In Kyle Rankin’s THE WITCH FILES, the idea of getting detention seems more compelling than reality has let on. Claire (Holly Taylor), a gawky nerd, has the enthralling task of reporting on its merit and what better way than to visit the scene itself. Claire disrupts detention to get to the meat of the matter: why are you here? And does detention even help?

With a handheld camera, Claire interviews three disparate teenagers: Brooke (Alice Ziolkoski), the bitchy queen bee; Greta (Adrienne Rose White), the All-Star; and M.J. (Tara Robinson), the love-struck scaredy-cat.  She also notices a fourth who seems unfazed by her questioning. As the others assure her that she will not participate, the enigmatic red-tipped goth arises with unanticipated enthusiasm. Jules (Britt Flatmo) landed in detention by breaking the leg of a hefty boy, which immediately suggests witchcraft. More than happy to show off, Jules proves to the skeptics her gift by setting off the fire alarm through the suggested method of believing in yourself.  Curious and eager to obtain the same powers, the girls decide to meet at a spiritual landing in the woods where through the power of belief and incantation each girl turns into a witch and forms a bond creating a coven.

The transformation is incredibly subtle and allows the fantasy of becoming a teenage witch almost seem feasible. At first, there are no physical changes and it takes some time for their new reality to sink in. Slowly, they realize that they can do anything, and compile a list of their ultimate desires. As each witch satiates their novel form of consumerism, they start to notice physical deteriorations. When a detective (Paget Brewster) picks up on their self-indulgent trail, they learn that their coven has precedent and that they should be forewarned. Paranoia starts to set in and no witch can be trusted. Will they learn to work together in the face of their tribulations? Or will they turn against each other and break their bond?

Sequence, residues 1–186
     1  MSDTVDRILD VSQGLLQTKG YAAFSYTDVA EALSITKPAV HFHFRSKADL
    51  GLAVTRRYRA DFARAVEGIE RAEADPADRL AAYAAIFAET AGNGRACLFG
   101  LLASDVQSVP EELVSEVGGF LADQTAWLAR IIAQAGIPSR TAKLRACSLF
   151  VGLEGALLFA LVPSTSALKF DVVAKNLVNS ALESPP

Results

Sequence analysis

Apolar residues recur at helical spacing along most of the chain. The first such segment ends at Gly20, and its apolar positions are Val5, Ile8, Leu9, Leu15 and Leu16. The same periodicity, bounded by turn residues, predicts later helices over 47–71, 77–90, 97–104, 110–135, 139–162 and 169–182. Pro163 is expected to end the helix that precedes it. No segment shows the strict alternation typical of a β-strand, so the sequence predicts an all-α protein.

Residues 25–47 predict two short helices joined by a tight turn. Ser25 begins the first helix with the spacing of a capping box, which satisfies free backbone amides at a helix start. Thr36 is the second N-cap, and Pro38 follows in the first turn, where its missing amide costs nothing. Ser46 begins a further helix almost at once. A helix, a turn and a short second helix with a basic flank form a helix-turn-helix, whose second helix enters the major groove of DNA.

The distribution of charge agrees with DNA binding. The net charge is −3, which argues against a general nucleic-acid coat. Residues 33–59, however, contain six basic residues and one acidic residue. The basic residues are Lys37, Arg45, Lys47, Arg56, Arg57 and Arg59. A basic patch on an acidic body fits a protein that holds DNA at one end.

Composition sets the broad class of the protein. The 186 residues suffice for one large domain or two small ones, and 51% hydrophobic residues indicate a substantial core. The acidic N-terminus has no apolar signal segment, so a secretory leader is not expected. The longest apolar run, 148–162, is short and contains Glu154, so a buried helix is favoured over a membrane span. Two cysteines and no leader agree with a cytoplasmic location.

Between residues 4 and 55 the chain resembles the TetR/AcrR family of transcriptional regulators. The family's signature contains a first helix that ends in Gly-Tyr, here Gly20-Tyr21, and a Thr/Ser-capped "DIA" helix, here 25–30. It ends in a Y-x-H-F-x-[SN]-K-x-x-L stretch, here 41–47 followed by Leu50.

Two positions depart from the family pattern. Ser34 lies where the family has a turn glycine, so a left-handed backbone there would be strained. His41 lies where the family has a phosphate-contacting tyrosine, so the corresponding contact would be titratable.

Channeling The Craft with touches of Mean Girls and The Blair Witch Project, THE WITCH FILES is endlessly endearing and entertaining. The cast did a fantastic job bringing the script to life and keeping you engrossed in the movie. You care for each character as they have their own niche and ailment.  You stay interested because the pace of their budding relationships is not rushed and stays true to each character. Brooke, however, was the most fascinating to follow as her quick wit and narcissistic demeanor provided the most controversy amongst the girls and showed she had the most to grow.

The shaky cam with its jolty zoom took me some time to get used to but it is broken up with static security footage and at least the quality is crisp.  In a film dealing with the supernatural, I got a little nervous anticipating the quality and use of the special effects, but THE WITCH FILES limited its use to the occasional jets of lightening, force fields, growth, and invisibility.

For those of you who want a feel-good Halloween movie without any frights, THE WITCH FILES was made for you. It’s an easy and bewitching (pun intended) watch that makes you ask yourself, what would you do if you were a witch?

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